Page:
What seems like an obvious right is sadly not so obvious for today's college students. But a new law in North Dakota is reaffirming one of the basic elements of due process — the right to legal representation — for college students.
The bill, SB 2150, unanimously passed the state's House of Representatives on April 8 and passed the Senate on April 17 with just one senator voting against. Gov. Jack Dalrymple signed the bill into law on Wednesday.
By signing this bill, Dalrymple, a Republican, has made North Dakota the third state in the nation to allow students facing non-academic disciplinary charges the ability to hire an attorney. The Foundation for Individual Rights in Education credits part of the decision to enact the law on the case of Caleb Warner, who was expelled from the University of North Dakota for sexual assault despite evidence of innocence. His accuser was later charged with filing a false police report.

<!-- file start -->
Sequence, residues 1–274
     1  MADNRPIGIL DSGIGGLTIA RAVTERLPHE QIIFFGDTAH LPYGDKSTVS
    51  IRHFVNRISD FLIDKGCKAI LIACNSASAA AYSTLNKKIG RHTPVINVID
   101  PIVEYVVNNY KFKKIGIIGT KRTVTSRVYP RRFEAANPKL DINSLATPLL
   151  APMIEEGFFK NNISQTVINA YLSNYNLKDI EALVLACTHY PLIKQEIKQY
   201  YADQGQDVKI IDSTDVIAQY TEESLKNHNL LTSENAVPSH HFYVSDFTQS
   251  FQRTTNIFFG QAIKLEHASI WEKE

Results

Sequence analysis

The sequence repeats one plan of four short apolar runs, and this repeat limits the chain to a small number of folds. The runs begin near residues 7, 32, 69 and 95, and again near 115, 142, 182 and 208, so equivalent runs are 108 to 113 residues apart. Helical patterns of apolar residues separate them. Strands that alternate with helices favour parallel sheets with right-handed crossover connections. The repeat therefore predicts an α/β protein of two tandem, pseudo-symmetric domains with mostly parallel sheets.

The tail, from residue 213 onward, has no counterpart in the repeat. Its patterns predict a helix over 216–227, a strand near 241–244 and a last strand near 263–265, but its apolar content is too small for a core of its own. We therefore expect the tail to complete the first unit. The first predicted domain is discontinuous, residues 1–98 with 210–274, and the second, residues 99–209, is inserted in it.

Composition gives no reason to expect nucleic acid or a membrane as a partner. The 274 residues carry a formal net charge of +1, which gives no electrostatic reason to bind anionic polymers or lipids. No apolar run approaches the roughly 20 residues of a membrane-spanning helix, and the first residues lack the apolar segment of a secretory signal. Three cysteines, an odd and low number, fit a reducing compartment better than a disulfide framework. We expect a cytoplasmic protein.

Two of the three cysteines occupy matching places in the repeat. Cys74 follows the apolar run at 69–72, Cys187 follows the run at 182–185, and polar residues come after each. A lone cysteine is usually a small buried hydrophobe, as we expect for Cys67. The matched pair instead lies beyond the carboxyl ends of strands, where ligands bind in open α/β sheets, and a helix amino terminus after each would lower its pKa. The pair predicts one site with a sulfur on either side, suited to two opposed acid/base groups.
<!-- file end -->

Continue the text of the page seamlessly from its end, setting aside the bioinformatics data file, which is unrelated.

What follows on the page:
Because of the injustice done to her son, Warner's mother, Sherry Warner-Seefeld, helped found the Families Advocating for Campus Equality, a group dedicated to due process for college students.
"It is so gratifying to know that parents of students enrolled in North Dakota's public colleges will no longer have to worry that their children might be railroaded the way my son was at UND," Warner-Seefeld told FIRE. "Basic fairness necessitates that colleges determining young people's futures provide the kind of procedural protections now required by SB 2150."
North Carolina and Arkansas are the only two other states with laws that allow some kind of legal representation during campus hearings.